Terra was master of her own destiny now, master of all destinies.

And yet her flight took her to the one place where she might be accepted: Mobliz. Hope, for such a flimsy thing, moved her with uncanny strength. A cackling voice in her head told her that when she departed Mobliz, the town would be a graveyard and she would finally see clearly, perfectly dis-illusioned.

The last Esper on Earth ignored the voice and flew onward, flaming plumage snapping in the wind.

The peninsula to which Mobliz clung grew as Terra descended through thin clouds. The town seemed so fragile, a mote of dust perched on the head of a needle. It was night, but a full moon shown overhead, its reflection glistening in the murky water that filled the ruts left by Kefka’s Light of Judgment. From above, the method of his madness became clear. He had cut long, sweeping, artistic arcs with his beam, but in certain places the curving patterns terminated abruptly in dense clusters of frantic scratching that had utterly obliterated everything beneath them. Either something at the epicenter of these scratch marks had offended him or, more likely, Kefka’s erratic nature had spontaneously rejected the congruence that came before as wretched.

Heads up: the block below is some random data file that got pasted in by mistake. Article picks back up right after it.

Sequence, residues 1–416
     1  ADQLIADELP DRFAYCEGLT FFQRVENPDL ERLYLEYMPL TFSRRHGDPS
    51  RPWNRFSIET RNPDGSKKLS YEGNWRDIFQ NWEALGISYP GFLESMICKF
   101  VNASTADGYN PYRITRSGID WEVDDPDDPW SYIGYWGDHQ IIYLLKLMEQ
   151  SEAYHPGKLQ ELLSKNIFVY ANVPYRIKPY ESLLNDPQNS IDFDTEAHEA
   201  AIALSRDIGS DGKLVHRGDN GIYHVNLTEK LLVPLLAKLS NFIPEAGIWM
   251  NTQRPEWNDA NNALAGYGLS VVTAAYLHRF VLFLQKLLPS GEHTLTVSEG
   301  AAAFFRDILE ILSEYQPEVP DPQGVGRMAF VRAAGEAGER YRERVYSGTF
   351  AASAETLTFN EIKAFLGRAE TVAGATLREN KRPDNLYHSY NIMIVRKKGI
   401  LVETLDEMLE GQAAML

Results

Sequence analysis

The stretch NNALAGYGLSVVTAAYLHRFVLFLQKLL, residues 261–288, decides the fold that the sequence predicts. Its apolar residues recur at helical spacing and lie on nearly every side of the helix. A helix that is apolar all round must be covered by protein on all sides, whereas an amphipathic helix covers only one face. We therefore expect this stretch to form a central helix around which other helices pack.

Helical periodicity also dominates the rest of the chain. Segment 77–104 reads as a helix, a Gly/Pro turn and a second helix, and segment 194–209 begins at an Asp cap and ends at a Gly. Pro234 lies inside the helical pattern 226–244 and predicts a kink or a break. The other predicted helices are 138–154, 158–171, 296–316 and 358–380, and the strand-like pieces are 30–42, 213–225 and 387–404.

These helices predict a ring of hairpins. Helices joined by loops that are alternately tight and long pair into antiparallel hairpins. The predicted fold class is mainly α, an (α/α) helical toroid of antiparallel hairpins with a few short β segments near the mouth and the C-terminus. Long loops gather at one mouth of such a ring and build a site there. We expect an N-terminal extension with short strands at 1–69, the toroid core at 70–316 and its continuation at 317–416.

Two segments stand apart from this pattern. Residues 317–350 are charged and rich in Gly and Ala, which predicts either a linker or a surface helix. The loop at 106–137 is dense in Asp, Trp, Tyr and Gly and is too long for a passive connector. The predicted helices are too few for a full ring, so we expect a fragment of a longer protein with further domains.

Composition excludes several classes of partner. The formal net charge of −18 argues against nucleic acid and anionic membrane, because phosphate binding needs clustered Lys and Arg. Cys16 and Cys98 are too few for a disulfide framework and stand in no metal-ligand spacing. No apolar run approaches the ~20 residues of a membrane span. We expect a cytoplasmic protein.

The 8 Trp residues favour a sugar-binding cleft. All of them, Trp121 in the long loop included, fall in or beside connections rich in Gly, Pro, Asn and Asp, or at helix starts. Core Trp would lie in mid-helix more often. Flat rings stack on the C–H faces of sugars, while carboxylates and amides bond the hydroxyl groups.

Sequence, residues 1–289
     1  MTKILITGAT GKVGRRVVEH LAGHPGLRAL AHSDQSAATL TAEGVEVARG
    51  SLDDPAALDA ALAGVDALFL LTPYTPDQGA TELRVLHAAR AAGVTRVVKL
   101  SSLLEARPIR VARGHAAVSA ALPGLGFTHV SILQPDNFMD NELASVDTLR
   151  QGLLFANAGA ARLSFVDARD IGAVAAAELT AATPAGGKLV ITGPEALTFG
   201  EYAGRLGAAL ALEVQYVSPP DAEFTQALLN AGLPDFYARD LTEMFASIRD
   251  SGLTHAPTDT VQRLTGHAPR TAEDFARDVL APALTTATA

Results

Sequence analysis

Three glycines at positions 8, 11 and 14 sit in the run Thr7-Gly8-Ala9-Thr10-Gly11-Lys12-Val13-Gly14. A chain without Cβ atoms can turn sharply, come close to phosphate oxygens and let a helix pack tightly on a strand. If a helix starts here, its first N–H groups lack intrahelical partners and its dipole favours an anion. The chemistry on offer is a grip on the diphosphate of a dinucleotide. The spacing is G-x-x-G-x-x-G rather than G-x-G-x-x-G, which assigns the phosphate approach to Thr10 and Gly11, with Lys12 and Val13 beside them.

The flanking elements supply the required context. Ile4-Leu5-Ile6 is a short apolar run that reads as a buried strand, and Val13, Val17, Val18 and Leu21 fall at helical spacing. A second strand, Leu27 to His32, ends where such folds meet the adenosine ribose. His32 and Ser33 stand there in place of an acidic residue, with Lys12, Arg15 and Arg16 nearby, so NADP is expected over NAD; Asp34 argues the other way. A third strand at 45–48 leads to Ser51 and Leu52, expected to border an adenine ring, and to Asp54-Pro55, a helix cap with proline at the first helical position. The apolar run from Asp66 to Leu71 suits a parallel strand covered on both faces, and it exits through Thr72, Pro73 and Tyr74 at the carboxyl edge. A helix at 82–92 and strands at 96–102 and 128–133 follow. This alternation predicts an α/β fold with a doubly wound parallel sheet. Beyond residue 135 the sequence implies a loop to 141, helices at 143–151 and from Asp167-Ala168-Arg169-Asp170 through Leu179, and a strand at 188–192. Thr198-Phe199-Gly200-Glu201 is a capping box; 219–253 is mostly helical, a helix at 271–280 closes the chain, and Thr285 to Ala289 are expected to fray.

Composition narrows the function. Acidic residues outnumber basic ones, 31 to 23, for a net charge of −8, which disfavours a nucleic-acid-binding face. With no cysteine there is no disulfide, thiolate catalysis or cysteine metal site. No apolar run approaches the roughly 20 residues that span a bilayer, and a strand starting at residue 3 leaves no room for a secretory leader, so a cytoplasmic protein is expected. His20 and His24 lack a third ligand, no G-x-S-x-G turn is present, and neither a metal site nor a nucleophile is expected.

You know me so well, pet.

Terra angrily pushed the madman out of her mind and arrested her descent well above the tallest remaining buildings in Mobliz.

“Children!” Her Esper vocal cords squealed the word across the ruined town.

A form rose up from amidst the rubble. It had white horns and a black bandana wrapped around its head where its eyes ought to have been. A single eye peered out as it opened the hole where its mouth should have been.

The monster Sabin had spoken of; the one that fought him and drove him out of Mobliz. How could the fickle children reject me and love this abomination?

Terra called out once more. The monster slid quietly over the ground. It moved beneath her and looked up. It was almost tall enough to reach her with its claws.